Cambridge University dons get advice on the intricacies of the handshake
CAMBRIDGE University is so desperate to avoid upsetting foreign students that it has cautioned its academics against automatically shaking their hands in case it causes offence.
The world renowned institution has sent out a directive to its admission tutors explaining that some people are culturally sensitive to the traditional style of greeting.
They advise that "suitable body language conveys welcome just as well".
The missal sent out by the university's Cambridge University Admissions Office has caused anger and consternation among the dons who say it is treating them like "social misfits".
"It seems to be totally bonkers," said a don who wished to remain anonymous.
"We are not social misfits. We know when to shake someone's hand and when not too. All this seems to be stupid and pointless and could make interviews even more awkward."
The advice is given on an "online training course to interviewers" in addition to the Undergraduate Admissions Handbook 2011-12.
Academics were sent an alert advising them to read the instructions.
Under the headline: "Welcoming the Applicant" the instructions add: "There is a certain amount of cultural sensitivity relating to handshakes. Suitable body language conveys welcome just as well."
No further advice is given but the press office yesterday said that the instructions applied to Muslim women and certain people with disabilities.
"It is not banning handshakes, it is just saying that best practice in some cases such as Muslim women who do not want to shake hands and certain people with disabilities," said a spokesman.
"Dons should read the situation properly and bear in mind that not all people will want to shake hands."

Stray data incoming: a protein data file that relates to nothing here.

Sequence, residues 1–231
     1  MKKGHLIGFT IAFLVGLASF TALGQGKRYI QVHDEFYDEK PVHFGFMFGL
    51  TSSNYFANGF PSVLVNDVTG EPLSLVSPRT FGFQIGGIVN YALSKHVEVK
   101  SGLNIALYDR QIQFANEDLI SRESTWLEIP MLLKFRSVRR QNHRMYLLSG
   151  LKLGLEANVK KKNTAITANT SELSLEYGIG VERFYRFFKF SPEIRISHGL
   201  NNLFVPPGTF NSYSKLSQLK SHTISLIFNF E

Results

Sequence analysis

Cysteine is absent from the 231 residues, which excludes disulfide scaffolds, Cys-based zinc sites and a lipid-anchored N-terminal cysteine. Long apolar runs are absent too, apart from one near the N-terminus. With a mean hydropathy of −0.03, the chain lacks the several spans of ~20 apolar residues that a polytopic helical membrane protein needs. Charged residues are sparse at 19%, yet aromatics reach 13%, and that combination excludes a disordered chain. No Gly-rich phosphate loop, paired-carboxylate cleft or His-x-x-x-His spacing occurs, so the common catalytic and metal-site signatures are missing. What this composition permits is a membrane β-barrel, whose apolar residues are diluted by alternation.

The instructions seems to relate to the growing multicultural nature of admissions to British universities.
Some 280,760 international students were admitted to universities last year – more than double the number a decade ago.
But the instructions still felt patronising and overly politically correct to a number of academics.
"This is ridiculous," one said. "It would be obvious if someone objected to handshakes and we would know what to do. We don't need instructions."
Another academic said: "The more you police these things and try to transcend normal instinctive forms of interaction, the more terrifying they get all around."
Sally Hunt, the University College Union general secretary, said: "While I am sure this advice is well-intentioned, academics are grown-ups and are intelligent enough to know when to shake a person's hand or not.
"What matters is that potential students from all backgrounds are made to feel welcome and given an equal opportunity to show their potential."
Expert advice on cultural relations suggests that most people around the world have no objection to the handshake although they may prefer other types of greet.
Some religions, such as Orthodox Judaism and Islam, may object to being touched by a member of the opposite sex.
Other cultures may object to shaking hands if one of the people involved has a cold or other contagious disease.
One adviser suggests that if there is any doubt then a smile may be the best alternative.
No one, anywhere, ever takes offence with that friendly act, he adds.